Going the Extra 1,000 Miles

With a quick glance at my Twitter feed, you’ll find out pretty quickly that I’m extremely passionate about customer service. I probably choose to exercise my Twitter voice a tad too often when I’m frustrated by any of my frequent vendors, or receive poor service in general…and I know I’ve already blogged about the topic here too. But it’s a two-way street – I expect and expect to provide others with exceptional experiences. It’s part of why I feel working at Intuit fits me so well – after all, our final core value is Deliver Awesome.

When I personally experience a disappointing customer experience, I often find that the way it’s handled is even more of what sticks out in my mind than the initial problem in general. For example, I was recently mischarged at CVS for a few items (nothing earth shattering, but it was more the principle of it), and hadn’t caught it until I was already home and on my way out of town. I brought in my receipt when I got back, and explained what happened. While the woman did refund my money (finally, after an argument about it), she made me feel so stupid and frustrated that while I got my $10, the experience was far more expensive & I left a frustrated customer really questioning whether I wanted to shop there going forward (after all, there’s a Walgreens down the street). Or on a recent flight delay, I finally argued United into Super-Shuttling me home instead of making me stay at LAX (25 minute flight from Palm Springs) overnight, but not after they gave me such an attitude that I actually Tweeted to American Airlines asking if they would match my United status.

I sometimes feel like a broken record talking about how proud I am to be wearing Intuit Blue and representing a company who puts Employees and Customers so high up on their priority list. This past month, however, I’ve been involved in a situation that takes that pride to the next level and beyond.

The scenario starts off with every employee’s worst nightmare – a partner, and their customer, having major problems and unable to get straight answers from support. To add insult to injury, there was a delay in getting an escalated support agent in touch with them. I’ll just come out and say it – it was bad. I was mortified that balls were dropped, and absolutely fell on my sword with my partner accepting full responsibility for the delay, and the poor experience.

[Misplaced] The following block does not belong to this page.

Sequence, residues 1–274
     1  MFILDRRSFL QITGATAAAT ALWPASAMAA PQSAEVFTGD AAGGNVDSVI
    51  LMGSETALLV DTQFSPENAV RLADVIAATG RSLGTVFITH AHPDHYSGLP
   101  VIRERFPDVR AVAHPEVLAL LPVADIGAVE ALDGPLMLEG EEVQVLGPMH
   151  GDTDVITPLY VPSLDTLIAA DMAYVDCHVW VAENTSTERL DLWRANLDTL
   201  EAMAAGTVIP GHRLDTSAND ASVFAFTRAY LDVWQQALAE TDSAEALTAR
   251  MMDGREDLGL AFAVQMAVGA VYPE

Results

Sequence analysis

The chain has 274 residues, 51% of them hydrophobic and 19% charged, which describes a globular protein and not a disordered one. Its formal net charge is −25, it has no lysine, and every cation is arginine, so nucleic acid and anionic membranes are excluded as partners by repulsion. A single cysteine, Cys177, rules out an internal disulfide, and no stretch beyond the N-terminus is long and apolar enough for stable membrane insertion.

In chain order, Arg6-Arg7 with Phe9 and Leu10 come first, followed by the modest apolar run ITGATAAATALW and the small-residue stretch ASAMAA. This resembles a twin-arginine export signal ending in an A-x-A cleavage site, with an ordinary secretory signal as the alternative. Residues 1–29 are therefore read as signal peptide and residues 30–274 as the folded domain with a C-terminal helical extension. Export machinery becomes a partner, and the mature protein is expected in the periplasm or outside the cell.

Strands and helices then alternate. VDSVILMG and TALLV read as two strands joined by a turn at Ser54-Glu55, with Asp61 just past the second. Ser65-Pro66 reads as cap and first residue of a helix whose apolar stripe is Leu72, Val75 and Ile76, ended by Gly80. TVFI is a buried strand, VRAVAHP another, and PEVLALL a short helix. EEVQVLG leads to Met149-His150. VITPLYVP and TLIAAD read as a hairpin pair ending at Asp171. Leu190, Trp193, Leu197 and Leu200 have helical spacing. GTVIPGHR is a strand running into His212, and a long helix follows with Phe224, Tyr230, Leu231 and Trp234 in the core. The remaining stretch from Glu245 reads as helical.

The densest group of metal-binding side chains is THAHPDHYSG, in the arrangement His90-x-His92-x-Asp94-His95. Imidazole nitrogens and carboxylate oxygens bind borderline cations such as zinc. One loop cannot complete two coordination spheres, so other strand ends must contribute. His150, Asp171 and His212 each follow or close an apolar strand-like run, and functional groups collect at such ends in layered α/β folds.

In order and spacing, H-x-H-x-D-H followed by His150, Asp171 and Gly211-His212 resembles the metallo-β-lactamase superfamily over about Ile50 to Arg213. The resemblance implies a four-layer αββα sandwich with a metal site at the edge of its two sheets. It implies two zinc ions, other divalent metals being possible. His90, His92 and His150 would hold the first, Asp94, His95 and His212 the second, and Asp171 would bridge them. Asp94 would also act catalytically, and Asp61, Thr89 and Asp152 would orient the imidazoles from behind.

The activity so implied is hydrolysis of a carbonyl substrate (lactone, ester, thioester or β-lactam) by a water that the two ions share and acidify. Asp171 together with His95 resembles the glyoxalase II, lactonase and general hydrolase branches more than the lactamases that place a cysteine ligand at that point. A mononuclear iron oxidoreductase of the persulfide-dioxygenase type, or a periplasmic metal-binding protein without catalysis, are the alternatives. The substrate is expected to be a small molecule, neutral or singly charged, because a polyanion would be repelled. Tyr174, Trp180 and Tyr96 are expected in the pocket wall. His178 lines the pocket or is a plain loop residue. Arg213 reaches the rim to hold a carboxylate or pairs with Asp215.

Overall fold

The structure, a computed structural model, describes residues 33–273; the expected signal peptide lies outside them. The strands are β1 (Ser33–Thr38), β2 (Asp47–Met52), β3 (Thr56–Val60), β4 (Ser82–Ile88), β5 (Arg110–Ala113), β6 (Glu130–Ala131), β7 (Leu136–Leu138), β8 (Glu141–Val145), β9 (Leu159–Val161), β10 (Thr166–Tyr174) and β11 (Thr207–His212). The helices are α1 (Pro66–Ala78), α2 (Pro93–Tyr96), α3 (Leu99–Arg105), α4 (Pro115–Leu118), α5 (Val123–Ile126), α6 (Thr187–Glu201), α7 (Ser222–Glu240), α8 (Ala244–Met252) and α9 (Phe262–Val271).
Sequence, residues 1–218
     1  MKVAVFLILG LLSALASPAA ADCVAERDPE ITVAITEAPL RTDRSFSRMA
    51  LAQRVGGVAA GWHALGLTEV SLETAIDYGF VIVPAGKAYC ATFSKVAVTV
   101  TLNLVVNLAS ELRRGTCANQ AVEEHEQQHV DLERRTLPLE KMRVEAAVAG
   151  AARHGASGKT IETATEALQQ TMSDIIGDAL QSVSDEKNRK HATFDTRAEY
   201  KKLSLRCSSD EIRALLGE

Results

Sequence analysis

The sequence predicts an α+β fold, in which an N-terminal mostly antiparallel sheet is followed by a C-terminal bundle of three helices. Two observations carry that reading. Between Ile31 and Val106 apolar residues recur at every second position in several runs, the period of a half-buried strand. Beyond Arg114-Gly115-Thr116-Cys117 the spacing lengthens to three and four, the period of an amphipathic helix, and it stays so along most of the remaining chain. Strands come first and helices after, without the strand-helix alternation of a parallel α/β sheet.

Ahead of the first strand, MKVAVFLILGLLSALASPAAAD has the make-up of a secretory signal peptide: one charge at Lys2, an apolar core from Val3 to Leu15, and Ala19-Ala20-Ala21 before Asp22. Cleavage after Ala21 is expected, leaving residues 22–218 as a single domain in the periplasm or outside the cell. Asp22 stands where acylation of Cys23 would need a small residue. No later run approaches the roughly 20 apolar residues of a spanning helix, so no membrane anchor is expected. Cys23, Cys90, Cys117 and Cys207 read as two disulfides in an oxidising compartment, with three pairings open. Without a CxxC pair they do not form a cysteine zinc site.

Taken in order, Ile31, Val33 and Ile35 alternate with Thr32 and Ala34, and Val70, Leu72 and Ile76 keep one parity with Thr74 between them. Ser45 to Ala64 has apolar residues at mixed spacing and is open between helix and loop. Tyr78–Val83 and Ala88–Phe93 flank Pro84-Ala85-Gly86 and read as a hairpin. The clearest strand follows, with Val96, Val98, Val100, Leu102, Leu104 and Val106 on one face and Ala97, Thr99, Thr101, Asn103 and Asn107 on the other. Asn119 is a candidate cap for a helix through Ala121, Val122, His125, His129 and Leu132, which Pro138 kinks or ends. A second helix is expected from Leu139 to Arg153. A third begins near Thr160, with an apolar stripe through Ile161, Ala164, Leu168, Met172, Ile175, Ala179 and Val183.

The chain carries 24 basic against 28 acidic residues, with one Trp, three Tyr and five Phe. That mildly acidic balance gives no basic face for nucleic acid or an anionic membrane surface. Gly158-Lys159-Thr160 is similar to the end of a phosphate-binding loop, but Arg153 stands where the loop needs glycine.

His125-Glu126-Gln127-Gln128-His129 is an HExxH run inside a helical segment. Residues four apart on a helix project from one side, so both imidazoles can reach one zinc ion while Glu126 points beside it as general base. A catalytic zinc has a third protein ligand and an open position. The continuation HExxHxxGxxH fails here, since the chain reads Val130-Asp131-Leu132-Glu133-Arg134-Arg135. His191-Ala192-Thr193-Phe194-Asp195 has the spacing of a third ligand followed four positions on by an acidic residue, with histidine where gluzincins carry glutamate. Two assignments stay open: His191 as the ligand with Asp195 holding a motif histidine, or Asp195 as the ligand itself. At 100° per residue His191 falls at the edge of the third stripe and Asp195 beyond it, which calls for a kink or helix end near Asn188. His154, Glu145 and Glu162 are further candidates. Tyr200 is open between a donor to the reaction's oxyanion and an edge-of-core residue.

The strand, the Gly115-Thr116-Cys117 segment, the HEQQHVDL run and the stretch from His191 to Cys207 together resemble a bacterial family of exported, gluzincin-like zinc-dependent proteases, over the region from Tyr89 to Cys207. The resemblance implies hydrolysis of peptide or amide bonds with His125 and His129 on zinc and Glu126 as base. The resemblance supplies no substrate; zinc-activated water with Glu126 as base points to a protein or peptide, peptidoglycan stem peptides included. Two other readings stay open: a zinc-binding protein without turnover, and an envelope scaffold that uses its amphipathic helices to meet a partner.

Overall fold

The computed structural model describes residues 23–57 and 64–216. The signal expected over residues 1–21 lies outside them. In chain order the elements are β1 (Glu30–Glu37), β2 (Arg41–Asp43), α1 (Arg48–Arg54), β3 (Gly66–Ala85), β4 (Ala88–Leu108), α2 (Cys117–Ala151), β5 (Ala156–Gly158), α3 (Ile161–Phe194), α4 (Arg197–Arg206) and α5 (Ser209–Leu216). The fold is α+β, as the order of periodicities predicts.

As if it couldn’t get any worse, all of this culminated the Friday night before Christmas…but that’s actually where the story starts getting good. Around 5pm local time, I had a VP at Intuit on the phone, walking the halls of the office, recruiting an army to fix it.

I’d love to say it was an easy fix – and that by Monday morning that next week they were up and running, but that’s not how it went. If you fast forward – you’ll skip through multiple hospital visits (don’t ask), numerous long nights & weekends worked (including middle-of-the-night file imports), several holidays ignored to ensure deadlines were hit, and a plethora of other bumps in the road…all with one goal in mind: Deliver Awesome to this customer.

No, we couldn’t make up for the poor initial experience, nor could we snap our fingers and make this particular problem go away, but what we could do is provide our partner & customer with the determination to get them back up and running and not give up on them. After one of our numerous status calls, I wound up in a back & forth conversation with our Care Leader who’s been spearheading this operation – and I told him then how much I knew he’d done – and appreciated him & the team so much. I couldn’t help but feel, in the midst of this nightmare, so much pride to be on their team. We jokingly asked each other about a theme song for this entire project – his suggestion seemed too fitting to argue – he and the team have definitely gone the extra 500 miles – and 500 more!

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